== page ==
It’s something that many parents do each night, it’s also a controversial topic, but co-sleeping can be the right option for you, so long as you make sure safety comes first.

Before your baby sleeps in your bed, keep the following safety tips in mind: 


1. Make sure your mattress is firm

Your baby could suffocate or overheat on a soft mattress. If your bed has a frame, a headboard, or is against a wall, make sure the mattress fits snugly, so your baby can’t fall into any gaps. This risk is highest when your baby is between three months and 10 months.

2. Keep the bedding light and minimal

Don’t use a duvet if you are co-sleeping. If your baby is less than a year old, use lightweight covers, and use them sparingly to prevent overheating or suffocation. This risk is highest during his first three months of his life. Check every now and then to make sure he hasn’t wriggled down and covered his head.

3. Never sleep on a sofa with your baby

He could become wedged in the cracks between the sofa cushions or between you and the back of the sofa. Don’t co-sleep on a waterbed as these are too soft and may have deep crevices around the frame where your baby could get trapped.

4. Keep your baby warm

Make sure bub is not hot, and dress him lightly for sleep. Contact with your body will raise his skin temperature. As a rule of thumb, if you’re a comfortable temperature, then your baby probably is, too.

5. Don’t let your baby and toddler sleep next to each other in bed.

Toddlers don’t understand the risks, and could roll over onto your baby, or put an arm across his mouth or head. You or your partner should always sleep between the children if you want them both in your bed.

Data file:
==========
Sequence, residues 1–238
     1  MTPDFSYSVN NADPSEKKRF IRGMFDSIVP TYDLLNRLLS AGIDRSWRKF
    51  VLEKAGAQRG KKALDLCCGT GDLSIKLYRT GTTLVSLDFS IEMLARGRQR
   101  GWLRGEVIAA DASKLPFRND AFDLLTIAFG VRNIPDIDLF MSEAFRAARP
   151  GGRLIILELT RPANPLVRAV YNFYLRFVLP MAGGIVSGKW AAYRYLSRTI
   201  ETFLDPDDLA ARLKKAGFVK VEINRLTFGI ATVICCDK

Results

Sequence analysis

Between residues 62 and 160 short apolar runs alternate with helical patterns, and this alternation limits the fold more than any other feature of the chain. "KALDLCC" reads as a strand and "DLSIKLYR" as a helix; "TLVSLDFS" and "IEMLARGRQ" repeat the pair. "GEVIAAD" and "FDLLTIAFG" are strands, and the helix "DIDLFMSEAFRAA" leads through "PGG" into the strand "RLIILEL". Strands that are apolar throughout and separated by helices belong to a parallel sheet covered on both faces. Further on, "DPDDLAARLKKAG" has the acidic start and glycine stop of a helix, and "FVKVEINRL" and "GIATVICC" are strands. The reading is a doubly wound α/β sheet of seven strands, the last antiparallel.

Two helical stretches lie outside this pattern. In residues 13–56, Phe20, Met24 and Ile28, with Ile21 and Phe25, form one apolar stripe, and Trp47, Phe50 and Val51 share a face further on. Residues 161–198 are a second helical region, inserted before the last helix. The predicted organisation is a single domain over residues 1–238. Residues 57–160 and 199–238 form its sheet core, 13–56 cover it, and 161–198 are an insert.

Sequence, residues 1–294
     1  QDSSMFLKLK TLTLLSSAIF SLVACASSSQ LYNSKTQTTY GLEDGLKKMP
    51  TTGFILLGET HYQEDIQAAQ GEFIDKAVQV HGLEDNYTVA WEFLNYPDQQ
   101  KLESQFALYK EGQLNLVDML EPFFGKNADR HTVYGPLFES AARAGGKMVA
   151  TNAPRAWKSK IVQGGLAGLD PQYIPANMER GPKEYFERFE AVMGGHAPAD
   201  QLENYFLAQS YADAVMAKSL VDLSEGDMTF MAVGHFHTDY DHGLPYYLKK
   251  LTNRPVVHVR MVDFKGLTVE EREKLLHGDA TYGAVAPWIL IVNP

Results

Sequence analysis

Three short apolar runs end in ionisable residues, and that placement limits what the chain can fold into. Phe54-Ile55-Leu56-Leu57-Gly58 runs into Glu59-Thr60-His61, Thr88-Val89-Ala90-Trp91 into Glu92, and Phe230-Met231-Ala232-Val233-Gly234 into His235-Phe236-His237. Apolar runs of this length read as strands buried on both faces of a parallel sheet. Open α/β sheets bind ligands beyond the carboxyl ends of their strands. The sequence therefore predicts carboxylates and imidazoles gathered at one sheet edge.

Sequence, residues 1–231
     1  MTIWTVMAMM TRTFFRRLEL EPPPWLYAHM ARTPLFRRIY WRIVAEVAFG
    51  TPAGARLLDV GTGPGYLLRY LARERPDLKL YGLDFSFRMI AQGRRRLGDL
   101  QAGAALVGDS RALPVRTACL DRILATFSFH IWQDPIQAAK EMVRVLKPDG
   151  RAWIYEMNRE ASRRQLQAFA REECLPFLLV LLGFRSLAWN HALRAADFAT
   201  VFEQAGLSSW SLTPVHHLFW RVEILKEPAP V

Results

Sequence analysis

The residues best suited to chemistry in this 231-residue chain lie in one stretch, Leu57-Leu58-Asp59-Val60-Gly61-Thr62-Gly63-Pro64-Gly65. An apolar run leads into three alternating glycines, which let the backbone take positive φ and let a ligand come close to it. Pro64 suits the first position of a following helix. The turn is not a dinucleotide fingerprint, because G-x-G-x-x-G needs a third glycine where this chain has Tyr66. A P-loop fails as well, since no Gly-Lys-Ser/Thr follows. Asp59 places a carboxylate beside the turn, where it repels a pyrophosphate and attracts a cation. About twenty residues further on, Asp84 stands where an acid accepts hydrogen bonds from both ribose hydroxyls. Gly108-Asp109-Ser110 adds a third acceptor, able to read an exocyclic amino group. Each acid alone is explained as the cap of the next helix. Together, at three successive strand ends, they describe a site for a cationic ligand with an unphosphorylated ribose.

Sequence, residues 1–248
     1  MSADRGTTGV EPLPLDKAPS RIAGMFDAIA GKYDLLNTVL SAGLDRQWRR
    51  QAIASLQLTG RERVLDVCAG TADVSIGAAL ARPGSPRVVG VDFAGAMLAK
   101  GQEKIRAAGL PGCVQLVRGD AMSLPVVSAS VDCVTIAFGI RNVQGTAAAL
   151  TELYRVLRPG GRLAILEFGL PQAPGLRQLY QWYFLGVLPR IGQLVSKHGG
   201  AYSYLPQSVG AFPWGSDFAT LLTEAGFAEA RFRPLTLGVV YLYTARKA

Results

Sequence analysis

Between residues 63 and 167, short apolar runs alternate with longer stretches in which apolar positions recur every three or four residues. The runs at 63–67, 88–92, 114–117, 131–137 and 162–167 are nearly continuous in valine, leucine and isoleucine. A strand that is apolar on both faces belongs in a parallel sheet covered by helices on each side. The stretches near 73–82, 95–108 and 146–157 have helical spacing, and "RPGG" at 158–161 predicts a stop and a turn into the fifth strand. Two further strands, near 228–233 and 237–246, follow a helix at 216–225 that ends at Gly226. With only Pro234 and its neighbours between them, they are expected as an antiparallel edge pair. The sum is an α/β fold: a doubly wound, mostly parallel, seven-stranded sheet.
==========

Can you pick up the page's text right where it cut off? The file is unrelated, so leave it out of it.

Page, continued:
6. Your baby should never be left alone on the bed

He could easily fall out, even if you’ve just nipped to the loo. Don’t let your baby sleep on a pillow, or put one either side of him, as he may roll off it or be smothered in the folds.

7. Buy a rail to attach to the side of the bed

Or put him in a safe place, such as a bassinette or cot, while you are out of the room.

When is co-sleeping not safe?

Because of the increased risk of cot death, you shouldn’t co-sleep if:

  • You or your partner smoke.
  • Your baby was premature or had a low birth weight.
  • You or your partner have been drinking alcohol, or have taken medication or drugs. This may affect your memory and you could forget that your baby is in your bed and roll over onto him. You may also sleep so soundly that you are unaware that you’ve rolled on to him.
  • You are extremely tired, or have a sleep disorder, such as sleep apnoea. You may be in such a deep sleep that you don’t wake up if you roll onto your baby.

How can I make co-sleeping comfortable?

Bed size is important if you plan to have your baby in bed with you. It won’t be as enjoyable, or safe, if your bed is too small. King-size is best, but if that’s a no-no for your budget (or bedroom), buy a cot that you can attach to the side of your bed. Or try putting a normal cot next to your bed with the side down.

You’ll have an easier time touching or soothing your baby if you can adjust his mattress to the same height as yours. This approach works well if your baby is a wriggler. He’s still at arm’s length, but not kicking you in the night.